Bill passes seeking MARTA referendum for Clayton

Residents of the only county in metro Atlanta without local public transportation could soon vote to remedy their transit deficit, thanks to legislation headed to the governor’s desk for signature.

House Bill 1009 would allow Clayton County to hold a referendum in November on whether to join MARTA by levying a 1-cent sales tax.

The county lost its bus service, C-Tran, four years ago because of cost.

Currently, the city of Atlanta and DeKalb and Fulton counties are the only local governments that fund MARTA with a penny sales tax.

The referendum appears to have a good chance of passage – 67 percent of Clayton voters approved of joining MARTA in a nonbinding referendum in 2010.

Brionte McCorkle, chapter program assistant for the Sierra Club’s Regional Action to Improve Livability campaign, said that a penny sales tax could result in $49 million a year for Clayton transit.

“That is more than enough to restore bus service and possibly even expand MARTA rail into the county,” McCorkle told The Atlanta Journal-Constitution in September.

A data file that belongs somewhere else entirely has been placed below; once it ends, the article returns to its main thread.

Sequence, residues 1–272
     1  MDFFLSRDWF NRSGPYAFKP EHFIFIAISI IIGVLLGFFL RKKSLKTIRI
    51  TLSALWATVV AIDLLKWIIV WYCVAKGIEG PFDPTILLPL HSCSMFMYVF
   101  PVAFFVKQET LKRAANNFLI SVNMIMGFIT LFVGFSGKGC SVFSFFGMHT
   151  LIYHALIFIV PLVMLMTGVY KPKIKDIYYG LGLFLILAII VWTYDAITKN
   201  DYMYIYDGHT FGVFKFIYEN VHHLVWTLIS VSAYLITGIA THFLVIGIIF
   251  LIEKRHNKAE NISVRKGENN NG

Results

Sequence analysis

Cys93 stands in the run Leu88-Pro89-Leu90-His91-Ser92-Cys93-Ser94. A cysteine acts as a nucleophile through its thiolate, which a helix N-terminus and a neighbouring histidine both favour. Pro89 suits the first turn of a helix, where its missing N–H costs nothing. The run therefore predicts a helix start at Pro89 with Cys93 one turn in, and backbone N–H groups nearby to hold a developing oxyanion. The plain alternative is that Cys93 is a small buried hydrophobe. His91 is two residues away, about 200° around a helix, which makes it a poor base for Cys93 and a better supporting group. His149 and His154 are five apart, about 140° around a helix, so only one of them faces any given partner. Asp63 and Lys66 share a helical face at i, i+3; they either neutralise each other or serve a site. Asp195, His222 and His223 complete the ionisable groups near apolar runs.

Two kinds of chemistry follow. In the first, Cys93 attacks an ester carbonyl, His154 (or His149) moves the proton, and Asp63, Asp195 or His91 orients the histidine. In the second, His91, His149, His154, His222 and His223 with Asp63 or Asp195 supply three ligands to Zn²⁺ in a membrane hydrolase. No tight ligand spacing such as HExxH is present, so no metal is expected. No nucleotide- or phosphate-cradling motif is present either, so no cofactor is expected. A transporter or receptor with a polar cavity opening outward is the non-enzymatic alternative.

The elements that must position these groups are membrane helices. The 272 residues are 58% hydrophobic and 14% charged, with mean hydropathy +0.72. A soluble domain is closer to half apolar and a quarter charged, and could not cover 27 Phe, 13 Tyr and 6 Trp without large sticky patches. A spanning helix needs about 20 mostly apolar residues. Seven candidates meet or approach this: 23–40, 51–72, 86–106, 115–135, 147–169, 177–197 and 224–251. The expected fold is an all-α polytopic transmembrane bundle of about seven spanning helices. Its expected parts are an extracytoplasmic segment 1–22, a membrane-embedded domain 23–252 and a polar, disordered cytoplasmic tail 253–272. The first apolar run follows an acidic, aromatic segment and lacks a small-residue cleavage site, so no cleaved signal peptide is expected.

Since Clayton officials halted C-Tran service in March 2010, Georgia Regional Transportation Authority Xpress bus service is the only public transit in the county. But it only carries people from park-and-ride spots in Jonesboro and Riverdale to downtown and Midtown Atlanta. It doesn’t run within the county or take people to the airport, where many residents have jobs.

It’s unclear what form a revived transit system would take.

“I don’t know if we ever got down the road, or down the track as it were, in terms of figuring out what service would look like in Clayton,” MARTA spokesman Lyle Harris said.

The measure introduced by Rep. Mike Glanton, D-Jonesboro, passed the Senate on Thursday with only two dissenting votes.